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  • Hanoi’s Road to the Vietnam War, 1954–1965 by Pierre Asselin
  • George J. Veith
Pierre Asselin, Hanoi’s Road to the Vietnam War, 1954–1965. Berkeley: University of California Press, 2013. 319 pp. $55.00.

During the Vietnam War, decision-making by the Politburo of the North Vietnamese Communist Party was shrouded in secrecy, its plans barely discernible except by a handful of specialists attempting to divine policy through the propaganda fog discharged [End Page 221] by Communist media. For years, we have known the details of the U.S. government’s deliberations during the long war but only vague sketches of North Vietnam’s internal policy debates. Within the last decade, however, Hanoi has published a modicum of primary documents, mainly via a series of books known as Van Kien Dang (Collected Party Documents). A few historians have attempted to mine these records, but the language barrier and large gaps in the released information have prevented the emergence of a comprehensive examination of Hanoi’s policies.

Now that is no longer true. Armed with this data, Pierre Asselin has split the Bamboo Curtain with a thunderous crack. His book reveals how North Vietnam elected to use “revolutionary violence” to unify the country and that it was as culpable as the United States in “choosing war.” Many will undoubtedly cite Asselin’s conclusion as the preeminent aspect of his book: that the North Vietnamese, and not just the U.S. government, consciously decided to expand the war. Such a conclusion, even when strongly backed by Communist Vietnamese sources, may well meet resistance because it upends the generally accepted historiography of the war. Certain circles still cling to the fairy tale that the Communists were simple peasants and Vietnam’s true nationalists, forced into war to protect their country from the overbearing U.S. military. Asselin, though, has forever punctured that fable.

Yet insightful as Asselin’s scholarship is regarding Hanoi’s responsibility, the more important aspect of his work is his brilliant integration of Vietnamese and Western sources to provide a compelling examination of how Hanoi chose the path to war. In doing so, he illuminates the hitherto much-discussed but little-understood intra-party split. Asselin labels those who wanted to concentrate on building the North Vietnamese economy rather than waging war in the South as “moderates,” and those who sought reunification through “revolutionary violence” as “militants.”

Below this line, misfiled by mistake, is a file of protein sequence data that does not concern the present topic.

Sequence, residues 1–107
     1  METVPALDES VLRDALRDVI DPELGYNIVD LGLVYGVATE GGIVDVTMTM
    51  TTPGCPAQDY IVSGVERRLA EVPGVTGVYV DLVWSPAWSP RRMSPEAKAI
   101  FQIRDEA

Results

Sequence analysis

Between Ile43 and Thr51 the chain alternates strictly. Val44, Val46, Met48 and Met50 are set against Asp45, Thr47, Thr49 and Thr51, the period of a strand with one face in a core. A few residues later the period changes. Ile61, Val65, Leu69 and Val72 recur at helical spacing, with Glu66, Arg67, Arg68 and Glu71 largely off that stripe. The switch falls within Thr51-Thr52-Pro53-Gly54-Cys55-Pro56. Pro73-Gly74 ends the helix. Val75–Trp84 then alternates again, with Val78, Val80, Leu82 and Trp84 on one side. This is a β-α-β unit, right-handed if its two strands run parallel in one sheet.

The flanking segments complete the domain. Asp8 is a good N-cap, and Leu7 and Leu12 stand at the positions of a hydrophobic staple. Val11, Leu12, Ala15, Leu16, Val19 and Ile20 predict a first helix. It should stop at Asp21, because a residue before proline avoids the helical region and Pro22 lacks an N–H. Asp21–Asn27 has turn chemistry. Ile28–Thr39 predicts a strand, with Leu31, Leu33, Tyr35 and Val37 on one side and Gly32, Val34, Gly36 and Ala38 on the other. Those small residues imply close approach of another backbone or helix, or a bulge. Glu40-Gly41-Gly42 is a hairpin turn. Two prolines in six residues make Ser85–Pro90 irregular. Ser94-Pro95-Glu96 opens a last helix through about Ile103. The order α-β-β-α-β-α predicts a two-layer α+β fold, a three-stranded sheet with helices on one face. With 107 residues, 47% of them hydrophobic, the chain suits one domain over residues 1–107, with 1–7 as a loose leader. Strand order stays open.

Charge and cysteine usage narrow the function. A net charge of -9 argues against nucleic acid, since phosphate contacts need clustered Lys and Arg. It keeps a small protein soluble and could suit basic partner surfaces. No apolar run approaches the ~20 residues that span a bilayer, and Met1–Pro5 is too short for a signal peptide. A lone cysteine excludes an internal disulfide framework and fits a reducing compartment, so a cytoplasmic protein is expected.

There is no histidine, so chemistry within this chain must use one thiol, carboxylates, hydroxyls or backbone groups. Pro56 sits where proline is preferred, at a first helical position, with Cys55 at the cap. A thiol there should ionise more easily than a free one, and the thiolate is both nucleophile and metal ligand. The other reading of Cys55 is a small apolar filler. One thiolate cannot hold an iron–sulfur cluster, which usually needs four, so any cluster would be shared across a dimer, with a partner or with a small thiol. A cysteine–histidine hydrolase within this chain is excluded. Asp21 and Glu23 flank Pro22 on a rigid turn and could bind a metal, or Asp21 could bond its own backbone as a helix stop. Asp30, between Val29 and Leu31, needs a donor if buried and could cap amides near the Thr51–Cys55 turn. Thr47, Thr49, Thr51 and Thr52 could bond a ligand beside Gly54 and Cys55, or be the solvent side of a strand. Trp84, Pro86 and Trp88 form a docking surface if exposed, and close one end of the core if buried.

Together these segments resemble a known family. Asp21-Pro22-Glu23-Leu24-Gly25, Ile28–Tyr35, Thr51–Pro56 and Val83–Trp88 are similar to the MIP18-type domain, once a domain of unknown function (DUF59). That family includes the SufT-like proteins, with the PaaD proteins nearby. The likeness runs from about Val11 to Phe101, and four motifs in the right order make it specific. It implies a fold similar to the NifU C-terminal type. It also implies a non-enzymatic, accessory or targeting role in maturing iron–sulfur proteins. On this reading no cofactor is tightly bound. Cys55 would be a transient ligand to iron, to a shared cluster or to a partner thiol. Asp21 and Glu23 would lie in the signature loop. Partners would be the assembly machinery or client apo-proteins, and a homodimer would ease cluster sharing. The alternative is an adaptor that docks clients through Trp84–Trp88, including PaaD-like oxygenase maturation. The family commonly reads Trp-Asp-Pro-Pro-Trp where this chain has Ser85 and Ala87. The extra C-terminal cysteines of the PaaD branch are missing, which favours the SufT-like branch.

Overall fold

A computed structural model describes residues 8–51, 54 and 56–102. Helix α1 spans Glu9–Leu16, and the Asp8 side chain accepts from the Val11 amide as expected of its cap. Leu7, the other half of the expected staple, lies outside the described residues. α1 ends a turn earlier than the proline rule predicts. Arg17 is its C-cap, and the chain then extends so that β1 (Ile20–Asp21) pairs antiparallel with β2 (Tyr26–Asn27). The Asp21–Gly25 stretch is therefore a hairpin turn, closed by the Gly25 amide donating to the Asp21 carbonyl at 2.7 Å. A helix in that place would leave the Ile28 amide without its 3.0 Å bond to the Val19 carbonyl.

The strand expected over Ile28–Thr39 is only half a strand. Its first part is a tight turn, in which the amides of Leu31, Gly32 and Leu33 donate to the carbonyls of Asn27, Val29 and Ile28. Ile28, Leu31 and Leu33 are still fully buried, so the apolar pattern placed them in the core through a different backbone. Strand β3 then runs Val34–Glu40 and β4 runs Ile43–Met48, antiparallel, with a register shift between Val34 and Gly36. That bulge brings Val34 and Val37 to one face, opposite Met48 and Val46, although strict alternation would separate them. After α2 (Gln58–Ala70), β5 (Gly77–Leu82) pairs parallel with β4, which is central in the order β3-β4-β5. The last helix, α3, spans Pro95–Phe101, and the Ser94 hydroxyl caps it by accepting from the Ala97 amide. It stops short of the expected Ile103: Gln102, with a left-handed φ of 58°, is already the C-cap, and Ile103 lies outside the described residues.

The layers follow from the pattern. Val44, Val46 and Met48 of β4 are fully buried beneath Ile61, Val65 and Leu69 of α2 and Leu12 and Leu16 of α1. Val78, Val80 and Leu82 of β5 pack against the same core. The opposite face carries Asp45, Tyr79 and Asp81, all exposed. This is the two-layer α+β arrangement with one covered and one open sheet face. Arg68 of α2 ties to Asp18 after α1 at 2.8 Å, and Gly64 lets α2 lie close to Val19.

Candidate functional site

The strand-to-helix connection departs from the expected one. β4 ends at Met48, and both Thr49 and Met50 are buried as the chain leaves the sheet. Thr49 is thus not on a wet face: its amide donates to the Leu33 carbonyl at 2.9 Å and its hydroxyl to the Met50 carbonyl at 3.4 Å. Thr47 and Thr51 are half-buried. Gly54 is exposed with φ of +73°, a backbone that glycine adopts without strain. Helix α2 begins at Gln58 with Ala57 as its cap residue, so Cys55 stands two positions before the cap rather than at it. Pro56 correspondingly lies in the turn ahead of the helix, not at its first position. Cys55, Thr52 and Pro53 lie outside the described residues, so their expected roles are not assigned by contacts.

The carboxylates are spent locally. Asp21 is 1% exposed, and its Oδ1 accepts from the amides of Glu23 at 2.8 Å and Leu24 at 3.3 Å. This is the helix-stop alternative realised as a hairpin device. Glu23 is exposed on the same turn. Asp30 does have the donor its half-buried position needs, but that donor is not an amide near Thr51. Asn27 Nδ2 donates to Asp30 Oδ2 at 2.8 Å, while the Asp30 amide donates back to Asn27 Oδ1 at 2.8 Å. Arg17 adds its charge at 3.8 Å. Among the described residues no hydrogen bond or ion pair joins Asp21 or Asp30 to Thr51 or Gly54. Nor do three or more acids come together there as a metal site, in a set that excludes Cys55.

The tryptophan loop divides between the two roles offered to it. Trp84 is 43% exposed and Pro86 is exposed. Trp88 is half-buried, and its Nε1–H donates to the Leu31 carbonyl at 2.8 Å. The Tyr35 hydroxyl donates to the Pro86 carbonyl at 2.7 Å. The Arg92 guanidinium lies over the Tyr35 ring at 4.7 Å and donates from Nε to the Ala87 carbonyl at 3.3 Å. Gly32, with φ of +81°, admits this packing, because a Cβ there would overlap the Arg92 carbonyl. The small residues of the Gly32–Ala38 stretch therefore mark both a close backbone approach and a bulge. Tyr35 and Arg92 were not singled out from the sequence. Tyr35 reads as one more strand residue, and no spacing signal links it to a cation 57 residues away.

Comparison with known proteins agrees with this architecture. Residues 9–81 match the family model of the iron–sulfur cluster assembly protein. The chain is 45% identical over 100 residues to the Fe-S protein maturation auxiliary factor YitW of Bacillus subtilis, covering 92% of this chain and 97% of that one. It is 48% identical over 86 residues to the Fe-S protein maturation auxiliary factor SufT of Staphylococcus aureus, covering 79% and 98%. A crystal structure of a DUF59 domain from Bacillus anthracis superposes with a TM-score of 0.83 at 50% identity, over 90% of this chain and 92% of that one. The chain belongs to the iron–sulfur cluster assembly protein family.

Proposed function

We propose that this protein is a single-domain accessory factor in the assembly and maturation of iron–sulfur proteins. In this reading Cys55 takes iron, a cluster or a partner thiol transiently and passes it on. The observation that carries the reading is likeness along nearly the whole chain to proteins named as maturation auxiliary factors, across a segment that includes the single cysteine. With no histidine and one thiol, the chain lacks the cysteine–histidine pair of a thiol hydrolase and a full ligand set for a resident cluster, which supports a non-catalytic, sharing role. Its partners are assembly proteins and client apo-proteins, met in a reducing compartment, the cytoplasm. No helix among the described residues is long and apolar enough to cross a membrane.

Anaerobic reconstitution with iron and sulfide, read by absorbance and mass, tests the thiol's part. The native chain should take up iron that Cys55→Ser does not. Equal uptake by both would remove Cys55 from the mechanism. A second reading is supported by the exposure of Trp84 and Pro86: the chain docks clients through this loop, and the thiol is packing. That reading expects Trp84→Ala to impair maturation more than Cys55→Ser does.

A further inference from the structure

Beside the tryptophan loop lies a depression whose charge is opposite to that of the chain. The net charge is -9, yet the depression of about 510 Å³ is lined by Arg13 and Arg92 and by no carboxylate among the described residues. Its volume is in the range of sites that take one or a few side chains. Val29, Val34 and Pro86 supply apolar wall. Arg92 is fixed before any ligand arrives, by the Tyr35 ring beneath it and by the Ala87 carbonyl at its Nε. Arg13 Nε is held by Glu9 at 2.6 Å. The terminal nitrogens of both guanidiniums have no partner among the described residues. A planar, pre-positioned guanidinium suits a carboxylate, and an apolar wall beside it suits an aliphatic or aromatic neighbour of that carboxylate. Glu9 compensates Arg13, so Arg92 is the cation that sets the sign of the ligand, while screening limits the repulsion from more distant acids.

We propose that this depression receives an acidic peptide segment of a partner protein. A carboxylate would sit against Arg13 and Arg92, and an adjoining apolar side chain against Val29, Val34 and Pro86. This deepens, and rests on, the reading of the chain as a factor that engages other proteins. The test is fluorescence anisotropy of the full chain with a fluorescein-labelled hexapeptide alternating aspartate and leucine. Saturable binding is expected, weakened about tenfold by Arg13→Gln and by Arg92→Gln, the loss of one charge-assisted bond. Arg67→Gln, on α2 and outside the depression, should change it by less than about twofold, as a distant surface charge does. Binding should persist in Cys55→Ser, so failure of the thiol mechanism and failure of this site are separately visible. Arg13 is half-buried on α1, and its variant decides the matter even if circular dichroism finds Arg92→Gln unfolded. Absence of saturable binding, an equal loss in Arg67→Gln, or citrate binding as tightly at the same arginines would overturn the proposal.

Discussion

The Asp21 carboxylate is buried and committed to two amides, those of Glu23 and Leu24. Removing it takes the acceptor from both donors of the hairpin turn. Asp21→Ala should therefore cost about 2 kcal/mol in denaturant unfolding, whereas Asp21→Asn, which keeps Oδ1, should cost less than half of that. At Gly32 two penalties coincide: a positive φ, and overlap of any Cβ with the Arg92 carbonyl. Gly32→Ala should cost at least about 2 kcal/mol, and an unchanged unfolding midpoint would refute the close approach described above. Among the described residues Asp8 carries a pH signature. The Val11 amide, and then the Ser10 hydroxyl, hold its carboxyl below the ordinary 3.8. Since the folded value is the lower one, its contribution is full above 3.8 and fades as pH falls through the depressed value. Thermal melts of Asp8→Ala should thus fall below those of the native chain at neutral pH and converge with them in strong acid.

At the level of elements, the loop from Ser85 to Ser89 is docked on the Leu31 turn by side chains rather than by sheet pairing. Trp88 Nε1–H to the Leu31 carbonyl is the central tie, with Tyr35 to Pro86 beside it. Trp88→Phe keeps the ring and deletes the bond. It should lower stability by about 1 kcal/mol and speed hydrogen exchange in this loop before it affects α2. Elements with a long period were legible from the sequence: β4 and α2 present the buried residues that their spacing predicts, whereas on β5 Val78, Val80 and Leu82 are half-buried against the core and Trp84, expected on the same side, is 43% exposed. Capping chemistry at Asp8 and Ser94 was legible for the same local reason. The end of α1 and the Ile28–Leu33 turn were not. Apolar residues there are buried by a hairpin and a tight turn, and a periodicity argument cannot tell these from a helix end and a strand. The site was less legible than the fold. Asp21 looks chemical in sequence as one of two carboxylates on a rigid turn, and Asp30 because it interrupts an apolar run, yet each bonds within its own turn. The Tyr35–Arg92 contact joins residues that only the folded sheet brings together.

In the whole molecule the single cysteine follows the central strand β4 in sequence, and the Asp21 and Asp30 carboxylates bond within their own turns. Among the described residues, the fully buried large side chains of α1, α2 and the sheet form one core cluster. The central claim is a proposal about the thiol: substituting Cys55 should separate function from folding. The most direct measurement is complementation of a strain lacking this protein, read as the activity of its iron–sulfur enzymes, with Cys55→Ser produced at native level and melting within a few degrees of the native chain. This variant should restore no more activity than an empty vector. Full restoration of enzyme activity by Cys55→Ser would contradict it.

This internal debate takes center stage throughout Hanoi’s Road to the Vietnam War. Asselin places the events and choices made in Vietnam and elsewhere within the context of wider Cold War entanglements. He astutely clarifies how outside events heavily influenced the growing divergence within the North Vietnamese leadership over how to achieve unification. Nikita Khrushchev’s pronouncement of the Soviet Union’s new policy of peaceful coexistence between the capitalist and Communist camps, the ensuing bitter Sino-Soviet split, and other critical world events all had weight. However, these external stimuli were only one part of the equation. Asselin further cites how the sway of Marxist ideology highly influenced the militants’ view that Vietnam was the central front in a global struggle against the imperialists. This fanatical worldview fed the militants’ desire to achieve unification through military action.

Asselin further shows how internal factors, mainly economic, also critically affected the moderate/militant factionalism in Hanoi. The moderates possessed a more pragmatic view than their militant comrades did. They believed that achieving unification peacefully instead of through war would prevent a destructive conflict with the United States. Just as important, it would avoid alienating either the Soviet Union or China and thus would not threaten badly needed aid from both countries. They [End Page 222] would convince the southern population to join their northern brethren by showcasing socialist economic prosperity. First, though, North Vietnam’s economy needed considerable time to achieve socialist affluence. The disastrous land reform efforts in the 1950s had roiled northern society, heightening economic failures. War would only exacerbate northern economic problems.

Despite these economic concerns, the militants eventually achieved supremacy over the moderates. That success was embodied in the ascent of Le Duan to the pinnacle of power. However, ideology and international stimuli were not...


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